Medial Unicompartmental Knee Arthroplasty: Correlation Between Components’ Malalignment and Long-term Outcome in Obese Patients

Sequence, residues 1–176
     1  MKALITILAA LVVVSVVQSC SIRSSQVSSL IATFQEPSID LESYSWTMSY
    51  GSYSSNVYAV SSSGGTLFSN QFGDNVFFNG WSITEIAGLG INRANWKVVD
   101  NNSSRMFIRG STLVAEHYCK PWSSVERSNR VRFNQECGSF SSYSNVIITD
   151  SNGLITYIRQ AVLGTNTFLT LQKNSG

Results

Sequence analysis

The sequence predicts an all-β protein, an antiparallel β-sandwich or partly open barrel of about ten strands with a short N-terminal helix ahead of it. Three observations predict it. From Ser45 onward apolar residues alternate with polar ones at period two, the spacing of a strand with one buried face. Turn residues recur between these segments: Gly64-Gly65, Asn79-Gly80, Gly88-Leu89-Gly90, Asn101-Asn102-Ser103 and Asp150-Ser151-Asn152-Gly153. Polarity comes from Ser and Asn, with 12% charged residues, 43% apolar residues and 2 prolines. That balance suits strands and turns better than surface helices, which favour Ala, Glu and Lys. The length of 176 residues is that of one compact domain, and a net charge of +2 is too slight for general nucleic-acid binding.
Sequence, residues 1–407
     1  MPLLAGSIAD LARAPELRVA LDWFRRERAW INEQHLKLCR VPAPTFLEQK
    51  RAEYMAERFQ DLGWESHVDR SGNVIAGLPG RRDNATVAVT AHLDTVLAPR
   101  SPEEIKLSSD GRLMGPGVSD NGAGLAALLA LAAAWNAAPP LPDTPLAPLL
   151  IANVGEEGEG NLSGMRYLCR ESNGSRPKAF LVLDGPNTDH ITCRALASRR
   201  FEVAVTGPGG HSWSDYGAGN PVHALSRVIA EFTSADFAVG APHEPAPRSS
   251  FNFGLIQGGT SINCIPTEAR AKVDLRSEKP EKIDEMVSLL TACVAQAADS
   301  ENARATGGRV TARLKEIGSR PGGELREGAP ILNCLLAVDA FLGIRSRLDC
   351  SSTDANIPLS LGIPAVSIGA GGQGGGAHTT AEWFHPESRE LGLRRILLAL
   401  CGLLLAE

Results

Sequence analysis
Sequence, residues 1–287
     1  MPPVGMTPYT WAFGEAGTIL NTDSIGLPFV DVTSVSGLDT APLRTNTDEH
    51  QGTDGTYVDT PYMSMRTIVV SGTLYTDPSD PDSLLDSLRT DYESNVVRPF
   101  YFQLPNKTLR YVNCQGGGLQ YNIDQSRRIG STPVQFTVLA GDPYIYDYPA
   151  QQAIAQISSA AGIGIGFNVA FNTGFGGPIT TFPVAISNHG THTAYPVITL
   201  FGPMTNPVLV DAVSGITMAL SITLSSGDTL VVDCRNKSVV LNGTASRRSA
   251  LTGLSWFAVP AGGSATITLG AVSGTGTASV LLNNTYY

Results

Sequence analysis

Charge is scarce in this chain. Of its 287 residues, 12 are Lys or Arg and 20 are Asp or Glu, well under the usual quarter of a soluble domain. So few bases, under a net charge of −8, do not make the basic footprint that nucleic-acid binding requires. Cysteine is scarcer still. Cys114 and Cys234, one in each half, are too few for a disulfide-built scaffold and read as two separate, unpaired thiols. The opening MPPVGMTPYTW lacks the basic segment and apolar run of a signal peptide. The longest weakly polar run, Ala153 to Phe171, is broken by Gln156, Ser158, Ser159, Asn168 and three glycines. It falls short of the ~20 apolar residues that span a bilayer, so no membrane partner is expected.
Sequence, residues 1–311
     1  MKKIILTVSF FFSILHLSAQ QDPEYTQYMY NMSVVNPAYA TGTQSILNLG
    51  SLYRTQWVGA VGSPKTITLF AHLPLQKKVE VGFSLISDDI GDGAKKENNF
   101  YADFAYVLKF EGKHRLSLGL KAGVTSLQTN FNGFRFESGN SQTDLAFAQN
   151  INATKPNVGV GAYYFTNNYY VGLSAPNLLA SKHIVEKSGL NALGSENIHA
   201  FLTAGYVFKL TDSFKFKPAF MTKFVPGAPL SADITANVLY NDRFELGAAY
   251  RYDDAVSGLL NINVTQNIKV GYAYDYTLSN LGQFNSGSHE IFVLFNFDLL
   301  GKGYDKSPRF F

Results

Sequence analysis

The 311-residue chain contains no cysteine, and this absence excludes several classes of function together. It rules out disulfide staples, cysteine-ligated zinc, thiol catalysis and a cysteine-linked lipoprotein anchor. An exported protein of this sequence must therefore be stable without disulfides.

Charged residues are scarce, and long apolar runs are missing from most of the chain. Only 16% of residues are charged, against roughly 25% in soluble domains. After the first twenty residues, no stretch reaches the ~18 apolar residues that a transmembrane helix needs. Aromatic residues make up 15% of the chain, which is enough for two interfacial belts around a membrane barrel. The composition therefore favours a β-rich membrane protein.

Background: Unicompartmental knee arthroplasty (UKA) is performed as an alternative to total knee arthroplasty (TKA) and high tibial osteotomy for unicompartmental osteoarthritis. Objectives: We examined whether the tolerable range of component malalignment is narrower in obese (BMI > 30) or in nonobese patients. Methods: We performed 163 consecutive all-poly medial UKA from 01/01/1995 to 31/10/2003. We examined 83 patients (88 knees) with a minimal follow-up period of 10 years. We examined the correlation between limb- and component malalignment and clinical outcome separately in the obese (67 knees) and nonobese (21 knees) groups. Results: The 10-year prothesis survival was 92.8%, and 9 UKA were converted to total knee arthroplasty. The average time for revision was 84.44 (48 to 144) months. The 8 obese and 1 nonobese patients had slightly higher BMI (33.47) than the 83 long-term followed patients (31.72). In each of these 9 patients, knee score and functional score were poor. At every revision, we used stems and augments. In the obese group, the prosthetic joint space depression correlated with fair and poor knee and functional scores, the prosthetic joint space elevation correlated with degenerative changes in the lateral tibiofemoral joint. Conclusions: In the obese group, we noted at least 2 mm of prosthetic joint space depression in all of the 8 failed knees, and 4 mm or more than 4 mm in 6 cases. We hypothesize that the reason fot the subsidence of the tibial component is the increased loading because of prosthetic joint space depression. The result of this study suggests that tibial component positioning which provides an optimal level of prosthetic joint space reduces the risk of failure in medial UKA, prevents degenerative changes in lateral tibiofemoral joint, and provides better long-term clinical outcome.